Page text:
Holy basil, Krungthep Thai is the Holy Grail. Authentic as six stalks of lemongrass in your bowl of soup, friendly, polished, service-oriented: welcome to the new best Thai restaurant in the metro. What to get? Where to start?!
A couple of hor mok are a great kickoff. The curried versions of fish mousseline cooked in banana-leaf cups are creamy, luscious, and wildly perfumed. The lemongrass salad with shrimp is spicy, fresh, and exquisite, with thinly sliced scallions and galangal, plus three kinds of chili peppers, handfuls of herbs, and toasted cashews. The chicken larb is equally spectacular, the toasted rice powder giving the combination of ground chicken and spice depth while the fresh lime, herbs, and chilies give it dimension. The papaya salad is clean, spicy, gorgeous, and delicious. The red curry is another must-order. It’s light and lively, boasting the beautiful fragrance of kaffir lime leaves and perfectly showcasing little Thai bitterball eggplants, which acquire an almost anise-like freshness from the contrasting spice.
The service was truly charming. On a few occasions, I noticed my server breaking into a quick jog in order to get from kitchen to dining-room table with the greatest speed, and they were always Johnny-on-the-spot to refill water glasses and pots of tea with a smile. (As of this writing the beer-and-wine license they’ve applied for was not in place. That larb next to a beer will be a cheap-date joy.)
But wait, there’s more! This new Krungthep Thai actually offers quite a lot that its sister in St. Paul doesn’t, namely pricier seafood dishes, in the spirit of the former tenant, Seafood Palace. I tried a whole sea bass, steamed and covered with a beautiful emerald-green bed of finely minced herbs, garlic, and various chilies, and found it to be gorgeous, fresh, and delicious. The few things I tried that I didn’t love tended to fall into the category of workaday—not bad, but simply not soaring to the heights of Krungthep’s other dishes. The pork satay, for instance, was fried to a crisp and terrifically bland, and its two accompaniments—peanut sauce and a fresh cucumber-pickle salad—were not nearly as good as they are at the resolutely Western restaurant Chino Latino.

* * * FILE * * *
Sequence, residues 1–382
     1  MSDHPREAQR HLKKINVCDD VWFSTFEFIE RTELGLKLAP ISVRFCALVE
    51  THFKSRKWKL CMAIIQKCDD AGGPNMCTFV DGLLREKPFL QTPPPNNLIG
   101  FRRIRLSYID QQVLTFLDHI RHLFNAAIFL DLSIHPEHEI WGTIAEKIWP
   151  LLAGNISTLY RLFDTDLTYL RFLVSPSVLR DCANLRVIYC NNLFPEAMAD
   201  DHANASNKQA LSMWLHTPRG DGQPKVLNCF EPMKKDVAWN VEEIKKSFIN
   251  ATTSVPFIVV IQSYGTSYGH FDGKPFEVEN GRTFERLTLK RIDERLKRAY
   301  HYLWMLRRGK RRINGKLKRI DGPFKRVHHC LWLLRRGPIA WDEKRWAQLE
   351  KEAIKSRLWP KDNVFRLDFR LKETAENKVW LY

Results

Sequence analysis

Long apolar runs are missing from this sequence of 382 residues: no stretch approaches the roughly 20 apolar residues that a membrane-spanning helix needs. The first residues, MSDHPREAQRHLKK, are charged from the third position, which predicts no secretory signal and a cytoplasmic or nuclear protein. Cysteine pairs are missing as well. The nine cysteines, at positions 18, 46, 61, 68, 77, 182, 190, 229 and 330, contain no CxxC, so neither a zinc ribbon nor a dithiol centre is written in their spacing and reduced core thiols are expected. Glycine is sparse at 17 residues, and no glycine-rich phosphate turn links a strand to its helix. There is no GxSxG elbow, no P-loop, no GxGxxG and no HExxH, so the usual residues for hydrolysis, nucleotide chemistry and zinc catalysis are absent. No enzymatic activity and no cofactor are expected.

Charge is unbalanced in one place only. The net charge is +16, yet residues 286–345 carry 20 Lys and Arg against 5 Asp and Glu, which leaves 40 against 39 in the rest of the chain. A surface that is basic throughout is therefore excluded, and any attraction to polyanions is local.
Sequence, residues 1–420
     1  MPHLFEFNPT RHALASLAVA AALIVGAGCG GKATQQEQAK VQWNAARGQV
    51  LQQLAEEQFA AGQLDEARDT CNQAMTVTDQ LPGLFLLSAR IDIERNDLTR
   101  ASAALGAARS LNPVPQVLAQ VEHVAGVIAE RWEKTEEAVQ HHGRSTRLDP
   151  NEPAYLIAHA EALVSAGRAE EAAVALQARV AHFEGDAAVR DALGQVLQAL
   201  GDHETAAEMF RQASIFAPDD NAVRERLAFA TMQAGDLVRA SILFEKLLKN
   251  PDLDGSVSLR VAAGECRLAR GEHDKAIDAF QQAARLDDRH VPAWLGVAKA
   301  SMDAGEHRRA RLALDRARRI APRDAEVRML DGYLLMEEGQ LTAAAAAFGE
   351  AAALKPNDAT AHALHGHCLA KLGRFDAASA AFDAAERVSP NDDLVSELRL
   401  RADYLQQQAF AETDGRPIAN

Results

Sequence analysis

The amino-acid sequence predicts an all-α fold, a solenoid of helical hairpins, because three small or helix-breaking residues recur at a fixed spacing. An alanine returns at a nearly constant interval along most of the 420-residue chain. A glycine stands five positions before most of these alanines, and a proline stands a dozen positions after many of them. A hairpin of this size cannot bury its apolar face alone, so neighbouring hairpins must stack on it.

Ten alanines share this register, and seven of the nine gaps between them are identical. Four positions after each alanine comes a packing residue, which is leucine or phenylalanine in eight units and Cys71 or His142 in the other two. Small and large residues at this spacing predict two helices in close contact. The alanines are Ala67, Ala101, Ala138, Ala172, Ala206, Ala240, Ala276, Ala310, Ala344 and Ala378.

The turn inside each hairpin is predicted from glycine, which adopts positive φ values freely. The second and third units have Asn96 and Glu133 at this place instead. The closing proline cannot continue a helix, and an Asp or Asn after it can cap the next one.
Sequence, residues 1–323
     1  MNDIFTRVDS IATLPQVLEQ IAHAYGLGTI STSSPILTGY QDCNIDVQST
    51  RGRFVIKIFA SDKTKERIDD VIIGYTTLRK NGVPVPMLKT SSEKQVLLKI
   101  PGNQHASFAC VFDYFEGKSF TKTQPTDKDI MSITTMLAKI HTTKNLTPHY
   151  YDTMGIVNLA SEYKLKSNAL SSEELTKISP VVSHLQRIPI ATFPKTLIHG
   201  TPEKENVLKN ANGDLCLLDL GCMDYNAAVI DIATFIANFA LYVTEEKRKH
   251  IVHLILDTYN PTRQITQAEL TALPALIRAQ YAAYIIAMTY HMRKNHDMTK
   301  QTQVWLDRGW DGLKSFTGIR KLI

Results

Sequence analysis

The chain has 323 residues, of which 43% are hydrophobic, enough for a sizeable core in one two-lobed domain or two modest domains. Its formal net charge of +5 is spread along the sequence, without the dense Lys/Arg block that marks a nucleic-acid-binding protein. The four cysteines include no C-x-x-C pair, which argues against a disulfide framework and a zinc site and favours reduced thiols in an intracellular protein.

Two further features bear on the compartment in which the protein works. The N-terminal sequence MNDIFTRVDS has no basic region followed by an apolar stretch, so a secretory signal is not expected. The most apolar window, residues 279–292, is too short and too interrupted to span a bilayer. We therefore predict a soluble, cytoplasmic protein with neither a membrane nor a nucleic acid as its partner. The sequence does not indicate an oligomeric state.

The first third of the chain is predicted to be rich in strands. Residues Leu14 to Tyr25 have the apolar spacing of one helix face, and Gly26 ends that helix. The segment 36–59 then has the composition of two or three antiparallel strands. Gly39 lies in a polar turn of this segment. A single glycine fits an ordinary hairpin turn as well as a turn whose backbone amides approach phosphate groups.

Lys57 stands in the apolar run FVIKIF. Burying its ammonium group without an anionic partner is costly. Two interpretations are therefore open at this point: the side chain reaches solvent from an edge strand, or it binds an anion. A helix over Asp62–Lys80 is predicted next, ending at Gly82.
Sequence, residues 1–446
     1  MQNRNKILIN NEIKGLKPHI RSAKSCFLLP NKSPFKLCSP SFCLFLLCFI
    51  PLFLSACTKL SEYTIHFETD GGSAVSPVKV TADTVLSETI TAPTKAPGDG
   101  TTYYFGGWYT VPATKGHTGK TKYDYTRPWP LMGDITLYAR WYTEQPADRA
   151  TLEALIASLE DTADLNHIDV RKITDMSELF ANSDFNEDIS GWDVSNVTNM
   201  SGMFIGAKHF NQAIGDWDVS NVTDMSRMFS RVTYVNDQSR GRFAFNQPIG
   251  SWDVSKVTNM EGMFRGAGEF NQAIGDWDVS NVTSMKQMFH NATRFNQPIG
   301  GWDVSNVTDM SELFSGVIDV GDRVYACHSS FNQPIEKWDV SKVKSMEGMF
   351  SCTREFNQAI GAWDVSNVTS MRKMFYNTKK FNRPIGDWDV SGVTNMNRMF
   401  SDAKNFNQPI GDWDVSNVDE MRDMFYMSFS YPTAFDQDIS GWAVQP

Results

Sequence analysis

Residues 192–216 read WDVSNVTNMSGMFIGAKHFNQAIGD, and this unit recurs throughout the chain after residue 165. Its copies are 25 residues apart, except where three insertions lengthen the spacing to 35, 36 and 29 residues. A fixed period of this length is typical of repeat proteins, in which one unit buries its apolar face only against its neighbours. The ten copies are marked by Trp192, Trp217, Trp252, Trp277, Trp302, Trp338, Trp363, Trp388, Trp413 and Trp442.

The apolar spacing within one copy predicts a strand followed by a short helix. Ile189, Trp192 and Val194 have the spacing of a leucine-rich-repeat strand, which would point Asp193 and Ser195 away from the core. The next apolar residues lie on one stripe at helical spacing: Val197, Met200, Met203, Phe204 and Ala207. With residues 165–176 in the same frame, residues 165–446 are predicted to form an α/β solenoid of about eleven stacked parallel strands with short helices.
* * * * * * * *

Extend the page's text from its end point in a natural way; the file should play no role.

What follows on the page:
Is that unfair, to compare an Uptown big-money fusion spot to a tiny immigrant-driven start-up? I’d argue no, because when it comes to the rest of the menu, Krungthep can hold its own with the best in town, whether the measure is authenticity or a more universal standard, namely the sheer joy that comes from being served something staggeringly and knee-weakeningly delicious.
St. Paul’s Thai cult-sensation Bangkok Thai Deli brings bliss-inducing food west, at Krungthep Thai.
Ideal Meal: Start light and spicy with the chicken larb or the lemongrass shrimp (they’re similar), add a curry, and a noodle soup. Tip: Chicken-wing fanatics, take note: excellence here resides. Not particularly Thai, just crunchy, fat, and good. Hours: Sunday-Thursday 11 a.m.–9 p.m.; Fridays and Saturdays 11 a.m.–10:30 p.m. Prices: Most entrées $7-$12. Address: Krungthep Thai Cuisine, 2523 Nicollet Ave., Mpls., 612-874-7721